Research in the medical and public health fields is ongoing, including the study and reporting of new findings, confirmation of previously reported findings, and the development of ways to build knowledge for the field in general on specific health-related outcomes. Many people find the research process to be exciting and innovative, but who will know about all the research being done without clear and concise reports of such great work?
Writing reports of health related research requires the researcher to carefully and clearly identify the steps of the research study that were carried out in order to make use of the study. Below are several important components that are regularly included in health-related and clinical research reports.
The conceptual framework that motivated the study
The research problem being investigated in the study
The purpose of the research
The research questions and hypotheses being asked in the study (which should be a direct reflection of the purpose of the research, and should be consistent with the conceptual framework presented)
A clear description of the data used in the research, including how observations of the study data were sampled (drawn from and included in the study), who was included in the target population ( the population the researcher aims to generalize the results to), and the information collected for each member of the sample
How the data is adequate to address the research questions and hypotheses
The types of analyses to be used to investigate the research questions and hypotheses
What information was learned from the analyses
How the results apply to the research questions, and whether the results are consistent with any research hypotheses proposed
Whether the results are consistent with previous work (in the literature)
Potential explanations based on the current literature of any unforeseen patterns or results in the data
Whether the results provide additional information to the current literature
Implications of the work for the field of study
Future directions for similar work, and extensions of this work to be carried out in the future.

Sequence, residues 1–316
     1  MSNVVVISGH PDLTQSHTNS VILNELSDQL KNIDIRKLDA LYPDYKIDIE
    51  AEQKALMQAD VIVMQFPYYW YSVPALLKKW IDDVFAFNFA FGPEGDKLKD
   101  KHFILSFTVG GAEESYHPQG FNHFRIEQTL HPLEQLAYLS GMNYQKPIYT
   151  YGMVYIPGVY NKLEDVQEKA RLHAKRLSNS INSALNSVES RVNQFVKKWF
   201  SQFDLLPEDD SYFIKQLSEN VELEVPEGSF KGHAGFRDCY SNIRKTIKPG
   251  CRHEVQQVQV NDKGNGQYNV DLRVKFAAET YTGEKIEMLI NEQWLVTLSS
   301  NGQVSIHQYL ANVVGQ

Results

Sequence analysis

Health-related and clinical research reports are most useful when they contain the elements above because it allows for reproducibility of the research being done. It also allows other researchers to evaluate whether research carried out by other scientists is applicable to particular questions of interest, including those defined by the target population, health outcome of interest, or in the case of public health, exposure of interest. Research without clarity is hardly useful to the other researchers who study the same topic!
About the Author
VICKI LAWRENCE is an academic researcher who studies the epidemiologic nature of social conditions in relation to cardiovascular and other disease outcomes. More specifically, her work focuses on studies of poor health among African Americans and health disparities that may occur my age, race, and gender in cardiovascular and mental health outcomes. Utilizing her background in epidemiology and biostatistics, she has provided statistical support on multiple studies with various investigators commonly focused on physical and mental health data. In addition, she has worked with clinicians, research investigators, and tutored multiple graduate students as well in public health, epidemiology, social work, medicine, education, and nursing to tackle statistics related issues.
Dr. Lawrence takes a significant amount of effort to ensure the students and researchers she collaborates with or supports understand the theoretical rationale behind the methods appropriate for their research problems, meeting the students and researchers at their stage of understanding. In addition to explaining the foundations, she regularly provides each individual with the opportunity to ask questions, and explains the differences in statistical approaches as needed. Further, she can help develop data analysis plans, refine research questions, and examine data collection methodologies with clients as well.
In her own work, Dr. Lawrence has used exploratory/ descriptive analysis tools (such as t-tests) and nonparametric tests, ANOVA (including one way, two way, repeated measures and others), structural equation modeling, exploratory factor analyses, multilevel models, linear regression, logistic regression, multinomial regression, and growth curve modeling as well. She has prepared analytical methods sections for publications, including tables of regression outputs. Further, she can provide information relevant to epidemiologic methods, including prevalence, incidence, risk and rate ratios, causal diagrams (including mediating and moderating variables) and other topics as needed. She has used a variety of data sets of both large and small magnitude, including nationally representative public data sets such as NHANES and the Panel Study of Income Dynamics, but has also used survey as well as medical systems based data. She has substantial experience using SAS and Excel, and also uses HLM and SPSS.
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